3.  Expresses deep concern at the lack of freedom of expression and the continued existence of political prisoners held in violation of the principles of the rule of law; demands the immediate release of Swedish-Eritrean journalist Dawit Isaak, who has been imprisoned under harsh conditions and without trial since September 2001; underlines in the strongest terms the urgency of the matter;

4.  Recalls that freedom of religion is a fundamental right, and strongly condemns any violence or discrimination on grounds of religion;

5.  Emphasises that sustainable peace, development and prosperity cannot exist without respect for human rights; urges Member States, the EU and other international donors to ensure due diligence with respect to human rights in the context of development cooperation;

6.  Recalls that respect for human rights is a core value of EU foreign policy and of the EU comprehensive approach towards the Horn of Africa and should therefore feature regularly in the dialogue with Eritrea; believes, in this context, that the unconditional nature of the development aid recently agreed by the EU and Eritrea is liable to challenge the core principles of the EU approach to this volatile region in Africa;

7.  Believes that the EDF Committee should have taken into consideration the Committee on Development’s recommendations not to adopt the NIP and to engage in further discussion; considers that the decision to adopt the NIP for Eritrea despite Parliament’s opposition demonstrates a democratic deficit and severely undermines Parliament’s role in ensuring the effective implementation of EU development objectives; calls, in this connection, for Parliament to be given powers of scrutiny over the EDF through a binding interinstitutional agreement under Article 295 of the Treaty on the Functioning of the European Union; stresses that the Committee on Development’s conclusions on draft programming documents should be automatically sent by the Commission to the Permanent Representations of the Member States;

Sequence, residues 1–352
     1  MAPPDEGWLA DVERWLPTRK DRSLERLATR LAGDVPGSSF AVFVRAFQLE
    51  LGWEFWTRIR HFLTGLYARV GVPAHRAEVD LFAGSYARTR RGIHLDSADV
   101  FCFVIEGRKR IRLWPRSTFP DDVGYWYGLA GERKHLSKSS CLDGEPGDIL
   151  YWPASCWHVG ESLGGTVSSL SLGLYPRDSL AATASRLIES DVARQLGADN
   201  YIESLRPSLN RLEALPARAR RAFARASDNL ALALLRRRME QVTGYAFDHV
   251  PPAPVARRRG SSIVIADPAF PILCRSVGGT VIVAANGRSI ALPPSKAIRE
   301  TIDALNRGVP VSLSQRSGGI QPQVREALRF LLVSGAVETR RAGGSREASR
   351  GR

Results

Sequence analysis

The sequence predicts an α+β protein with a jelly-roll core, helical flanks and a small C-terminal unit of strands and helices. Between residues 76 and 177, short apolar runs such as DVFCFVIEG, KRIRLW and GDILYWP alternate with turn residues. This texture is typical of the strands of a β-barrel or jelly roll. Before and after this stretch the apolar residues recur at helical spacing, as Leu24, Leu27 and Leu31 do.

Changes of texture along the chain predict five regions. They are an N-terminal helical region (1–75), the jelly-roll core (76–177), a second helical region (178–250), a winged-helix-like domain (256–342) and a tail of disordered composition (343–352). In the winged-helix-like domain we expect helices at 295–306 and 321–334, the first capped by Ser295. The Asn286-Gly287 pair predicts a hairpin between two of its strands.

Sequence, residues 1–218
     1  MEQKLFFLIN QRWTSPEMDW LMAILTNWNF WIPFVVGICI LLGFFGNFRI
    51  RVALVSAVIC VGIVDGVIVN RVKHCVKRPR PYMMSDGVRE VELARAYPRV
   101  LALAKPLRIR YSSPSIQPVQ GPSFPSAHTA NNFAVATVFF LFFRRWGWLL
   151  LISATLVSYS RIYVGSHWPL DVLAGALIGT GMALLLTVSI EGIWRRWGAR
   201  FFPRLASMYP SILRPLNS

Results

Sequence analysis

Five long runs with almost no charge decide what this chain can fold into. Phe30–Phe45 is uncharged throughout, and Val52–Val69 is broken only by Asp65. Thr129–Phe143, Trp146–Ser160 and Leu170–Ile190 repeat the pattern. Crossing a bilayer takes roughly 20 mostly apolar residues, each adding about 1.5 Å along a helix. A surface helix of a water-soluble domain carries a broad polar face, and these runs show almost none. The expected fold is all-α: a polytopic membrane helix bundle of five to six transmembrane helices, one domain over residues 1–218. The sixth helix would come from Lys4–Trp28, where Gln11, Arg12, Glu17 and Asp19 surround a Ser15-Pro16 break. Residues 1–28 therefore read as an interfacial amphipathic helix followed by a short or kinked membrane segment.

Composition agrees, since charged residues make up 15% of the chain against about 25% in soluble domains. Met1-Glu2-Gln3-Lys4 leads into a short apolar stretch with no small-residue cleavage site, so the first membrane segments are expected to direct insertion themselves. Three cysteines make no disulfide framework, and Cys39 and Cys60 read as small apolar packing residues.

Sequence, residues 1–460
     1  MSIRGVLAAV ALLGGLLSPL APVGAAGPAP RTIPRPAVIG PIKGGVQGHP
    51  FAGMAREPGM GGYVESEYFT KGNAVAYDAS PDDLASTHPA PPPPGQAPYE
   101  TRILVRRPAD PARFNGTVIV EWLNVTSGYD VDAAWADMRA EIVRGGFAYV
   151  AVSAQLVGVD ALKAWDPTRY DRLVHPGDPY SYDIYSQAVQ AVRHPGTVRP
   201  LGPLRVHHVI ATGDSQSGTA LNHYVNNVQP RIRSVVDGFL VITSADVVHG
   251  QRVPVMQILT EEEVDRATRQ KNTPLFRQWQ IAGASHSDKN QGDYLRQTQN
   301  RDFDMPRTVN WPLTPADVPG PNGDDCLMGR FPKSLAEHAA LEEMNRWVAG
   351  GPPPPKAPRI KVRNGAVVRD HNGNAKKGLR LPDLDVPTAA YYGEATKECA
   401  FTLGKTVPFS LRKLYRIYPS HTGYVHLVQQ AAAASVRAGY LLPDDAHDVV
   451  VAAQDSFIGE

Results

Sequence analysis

8.  Stresses that democratic governance and the socioeconomic development of Eritrea are of paramount importance in eradicating poverty by increasing productivity, encouraging investments, and creating employment and business opportunities; urges the EU to ensure the conditionality of the recently agreed aid and also to ensure that the NIP supports Eritrea in operating an important shift in its energy policy in order to make energy accessible for all, especially in the rural areas which are currently still without electricity; believes, moreover, that the governance component of the NIP should strongly focus on implementing the recommendations of the UN-led Universal Periodic Review on human rights;

9.  Calls for compliance with international human rights norms and standards concerning refugees; believes that Eritrean refugees fleeing human rights violations should continue to be afforded international protection;

10.  Instructs its President to forward this resolution to the Council and Commission, the Vice-President of the Commission / High Representative of the Union for Foreign Affairs and Security Policy, the governments and parliaments of the Member States, the President and Government of Eritrea, the institutions of the African Union, the United Nations Secretary-General, the United Nations General Assembly, the Co-Presidents of the ACP-EU Joint Parliamentary Assembly and the Pan-African Parliament (PAP).